The Three Monkeys

Jean de Bosschère July 18, 2017
Belgian
Easy
5 min read
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    There were once three monkeys who were going for a voyage in a balloon. (This was in Monkey-land, far, far away and ever so long ago.) The three were so much alike that it was impossible to tell one from the other, and to make matters worse each of them answered to the name of James. Such a thing would never do in the crew of a balloon, so the old monkey who was in command decided that each of the three should have a different name. The first was to be called James, the second Jemmy, and the third Little James.

    So far so good. The three monkeys climbed into the balloon, the ground ropes were untied, and the voyage was begun. When they had reached a height of some hundreds of feet, the captain wished to give an order, so he called to the first monkey: “James!”

    “Aye aye, sir,” said all the three, running up to him.

    “I called James,” said the captain, looking from one to the other.

    “Well, I am James,” answered the first monkey.

    “No, no. James is my name,” said the second.

    “And mine too,” said the third.

    “How can you be James if I am he?” cried the first angrily.

    “I tell you James is my name!” cried the second.

    “No, mine!”

    And so the three monkeys began to quarrel and dispute. Words led to blows, and soon they were tumbling about all over the car of the balloon, biting, scratching, and pummelling while the captain sat in his chair and bawled to them to stop. Every minute it seemed as though the car would overturn, and the end of it was that Little James got pushed over the side. He turned a beautiful somersault, and fell down, down, down through the air, landing in a soft bed of mud, into which he sank so that only his face and the top of his yellow cranium were visible.

    “Help! help!” bawled Little James at the top of his voice.

    Up ran a pair of monkeys belonging to the neighbourhood and stood looking at him.

    “He’s in the mud, brother,” said one.

    “Up to his neck,” said the other. “How silly!” And they both began to grin.

    “Help!” cried Little James again, more faintly, for he was sinking deeper, and the mud was nearly at the level of his mouth. “Pull me out! Pull me out!”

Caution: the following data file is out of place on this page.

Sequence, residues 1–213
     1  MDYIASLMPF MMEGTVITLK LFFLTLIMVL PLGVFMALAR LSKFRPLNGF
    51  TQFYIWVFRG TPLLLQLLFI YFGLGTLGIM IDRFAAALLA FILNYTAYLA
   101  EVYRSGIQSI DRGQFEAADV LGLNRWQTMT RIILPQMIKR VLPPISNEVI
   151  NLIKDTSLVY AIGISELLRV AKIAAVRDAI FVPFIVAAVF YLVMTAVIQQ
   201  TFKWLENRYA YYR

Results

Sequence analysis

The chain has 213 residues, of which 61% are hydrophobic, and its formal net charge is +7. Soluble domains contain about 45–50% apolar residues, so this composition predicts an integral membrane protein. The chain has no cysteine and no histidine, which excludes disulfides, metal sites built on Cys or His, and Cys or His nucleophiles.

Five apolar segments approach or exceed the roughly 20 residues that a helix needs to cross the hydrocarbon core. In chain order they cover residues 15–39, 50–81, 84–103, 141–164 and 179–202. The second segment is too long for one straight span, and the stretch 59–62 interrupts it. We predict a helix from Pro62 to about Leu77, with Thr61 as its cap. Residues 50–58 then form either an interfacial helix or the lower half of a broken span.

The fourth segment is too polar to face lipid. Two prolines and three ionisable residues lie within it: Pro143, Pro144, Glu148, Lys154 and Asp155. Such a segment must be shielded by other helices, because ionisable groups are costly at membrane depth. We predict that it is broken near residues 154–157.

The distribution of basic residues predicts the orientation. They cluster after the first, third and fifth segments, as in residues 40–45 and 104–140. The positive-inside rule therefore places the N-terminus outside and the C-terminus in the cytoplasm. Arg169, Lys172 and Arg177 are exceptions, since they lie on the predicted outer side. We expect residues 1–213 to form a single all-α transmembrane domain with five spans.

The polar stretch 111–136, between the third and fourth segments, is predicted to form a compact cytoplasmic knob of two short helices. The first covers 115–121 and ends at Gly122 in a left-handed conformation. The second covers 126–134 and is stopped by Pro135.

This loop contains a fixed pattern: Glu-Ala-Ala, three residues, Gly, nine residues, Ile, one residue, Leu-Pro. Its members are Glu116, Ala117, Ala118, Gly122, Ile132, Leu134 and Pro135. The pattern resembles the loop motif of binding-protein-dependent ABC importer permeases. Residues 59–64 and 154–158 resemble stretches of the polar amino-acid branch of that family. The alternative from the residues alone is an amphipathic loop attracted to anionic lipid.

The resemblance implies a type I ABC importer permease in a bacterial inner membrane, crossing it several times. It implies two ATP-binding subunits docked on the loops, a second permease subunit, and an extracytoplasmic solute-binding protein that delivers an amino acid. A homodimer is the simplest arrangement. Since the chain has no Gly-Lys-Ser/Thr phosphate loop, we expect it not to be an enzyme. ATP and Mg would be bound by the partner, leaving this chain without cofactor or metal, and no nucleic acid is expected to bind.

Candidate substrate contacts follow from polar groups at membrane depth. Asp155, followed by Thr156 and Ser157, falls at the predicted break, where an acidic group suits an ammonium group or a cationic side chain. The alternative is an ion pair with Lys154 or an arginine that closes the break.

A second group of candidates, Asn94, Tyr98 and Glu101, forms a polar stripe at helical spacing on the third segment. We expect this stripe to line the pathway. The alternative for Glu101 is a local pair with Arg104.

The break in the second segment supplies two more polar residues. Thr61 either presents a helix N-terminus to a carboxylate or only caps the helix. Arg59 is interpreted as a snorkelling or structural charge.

“Ah, but how?” asked the first monkey, looking at him gravely.

    “Wait a minute,” cried the second, “I have an idea!” and he pulled out of his pocket one of those leather suckers on a string which boys use to lift stones. Moistening the disc, he clapped it on to Little James’s head, and began to tug on the cord with all his might.

    “Hey!” cried the other monkey, running to help. “Pull, brother, pull, and we’ll soon have him out!”

    Crack! The cord snapped suddenly, and the two monkeys tumbled head over heels. Never mind; they got another cord to repair the damage, and this time they succeeded in pulling Little James clear of the mud.

    Did I say Little James? Alas! it was only half of him! His rescuers had pulled so hard that he had broken off short in the middle, and his two legs were left embedded in the mud.

    “Dear me!” said the first monkey, scratching his head. “This is very sad. The poor fellow has lost his legs. What shall we do?”

    “Let us make him some wooden ones!” said the other.

    So said, so done. They made him a beautiful pair of wooden legs, and Little James hobbled painfully home. By the time he reached his house he felt so ill that he went straight to bed. “I believe I am going to die,” he said to himself. “I must make my will and set down the cause of my death.”

    So he sent for pen and paper and began to write. Before very long, however, he stopped and began to scratch his head in perplexity. “If I am going to die,” he thought, “I must be going to die of something! Now, what am I going to die of? This must be carefully considered,[9] for above all one must write the truth in one’s last testament!”

    So he pondered and pondered, but he could not make up his mind as to the cause of his death. Was he going to die of the fall from the balloon, or of his broken legs, or what? Just then he happened to look in the mirror by the bedside, and saw that there was a lump on his forehead, which he had got while fighting with James and Jemmy in the balloon.

    “Why, of course,” cried he, “I am going to die of that big bruise on my forehead!” So he wrote it down in his will, and then, happy at having solved the difficulty, turned over on his side and died.

    And, as I said before, this all took place in Monkey-land, ever so long ago.

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